One of Africa‘‘s largest waste dumps, the Dandora Municipal Dumping Site in Nairobi, is a serious threat to children living nearby and the city‘‘s environment generally, a new study shows.

The study, commissioned by the UN Environment Programme (UNEP), examined 328 children aged 2-18 living around the Dandora waste dump and its health implications. The study also compared soil samples from the site with another location just outside of Nairobi.

Half of the children tested had concentrations of lead in their blood exceeding internationally accepted levels, while 42 percent of soil samples recorded lead levels almost 10 times higher than what is considered unpolluted soil (over 400 parts per million (ppm) compared to 50 ppm). Children have been exposed to pollutants such as heavy metals and toxic substances through soil, water and air (smoke from waste burning) with implications for respiratory, gastrointestinal and dermatological or skin diseases. Almost half of the children tested were suffering from respiratory diseases, including chronic bronchitis and asthma.

Achim Steiner, UN Under-Secretary-General and UNEP Executive Director, said: “We had anticipated some tough and worrisome findings, but the actual results are even more shocking than we had imagined at the outset”. “The Dandora site may pose some special challenges for the city of Nairobi and Kenya as a nation. But it is also a mirror to the condition of rubbish sites across many parts of Africa and other urban centres of the developing world,” he said.

Mr Steiner said UNEP stands ready to assist the local and national authorities in the search for improved waste management systems and strategies including ones that generate sustainable and healthier jobs in the waste handling and recycling sectors.

“It is clear that urgent action is needed to reduce the health and environmental hazards so that children and adults can go about their daily lives without fear of being poisoned and without damage to nearby river systems,” he said.

The 30-acre large Dandora dumping site receives 2,000 tonnes of rubbish every day, including plastics, rubber and lead paint treated wood, generated by some 4.5 million people living the Kenyan capital. The study also found evidence of the presence of hazardous waste, such as chemical and hospital waste, on the dumpsite.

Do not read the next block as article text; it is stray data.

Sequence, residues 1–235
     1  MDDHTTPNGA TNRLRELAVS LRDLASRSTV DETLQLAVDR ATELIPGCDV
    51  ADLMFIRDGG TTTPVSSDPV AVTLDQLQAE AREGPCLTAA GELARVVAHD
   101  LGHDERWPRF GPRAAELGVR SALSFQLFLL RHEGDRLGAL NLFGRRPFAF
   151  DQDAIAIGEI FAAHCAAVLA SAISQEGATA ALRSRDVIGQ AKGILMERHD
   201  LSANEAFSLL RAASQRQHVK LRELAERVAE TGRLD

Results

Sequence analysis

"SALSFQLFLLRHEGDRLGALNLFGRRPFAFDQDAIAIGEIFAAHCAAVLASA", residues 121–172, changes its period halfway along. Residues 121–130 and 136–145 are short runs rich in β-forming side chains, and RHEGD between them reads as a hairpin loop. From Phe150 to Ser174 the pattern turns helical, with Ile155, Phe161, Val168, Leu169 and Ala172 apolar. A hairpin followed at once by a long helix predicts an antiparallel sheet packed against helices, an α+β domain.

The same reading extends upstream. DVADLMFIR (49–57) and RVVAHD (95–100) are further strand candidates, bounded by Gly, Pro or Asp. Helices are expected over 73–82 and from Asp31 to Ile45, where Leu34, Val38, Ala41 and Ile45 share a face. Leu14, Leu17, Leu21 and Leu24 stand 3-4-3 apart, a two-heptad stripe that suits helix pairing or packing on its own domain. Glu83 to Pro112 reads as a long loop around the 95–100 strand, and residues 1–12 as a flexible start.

Every day, scores of people, including children, from the nearby slums and low-income residential areas use the dump to find food, recyclables and other valuables they can sell as a source of income, at the same time inhaling the noxious fumes from routine waste burning and methane fires. Waste often finds its way into the Nairobi River that runs just meters away from the dumpsite, polluting water used by local residents and farmers downstream.

The St. John‘‘s Catholic Church and Informal School is located in close proximity to the dump. Between 2003 and 2006, the Church dispensary has treated 9,121 people per year on average for respiratory problems.

“We have been witnessing an alarming situation regarding Dandora children‘‘s health: asthma, anaemia and skin infections are by now endemic. These abnormalities are linked to the environment around the dumping site, and are exacerbated by poverty, illiteracy and malnutrition. Since waste dumping is unrestricted and unmanaged, people are also at risk from contracting blood-borne diseases such as hepatitis and HIV/AIDS,” said Njoroge Kimani, principal investigator and author of the report.

Mr Kimani and his team conducted detailed research into Dandora Municipal Dumping Site‘‘s impacts on public health and the environment. Experts from the University of Nairobi, Kenyatta University, Kenyatta National Hospital and Kenya Agricultural Research Institute as well as local community leaders from St. Joh

Ano da Publicação:
WARMER BULLETIN ENEWS #41-2006-October 12, 2007
Kit Strange/Warmer Bulletin
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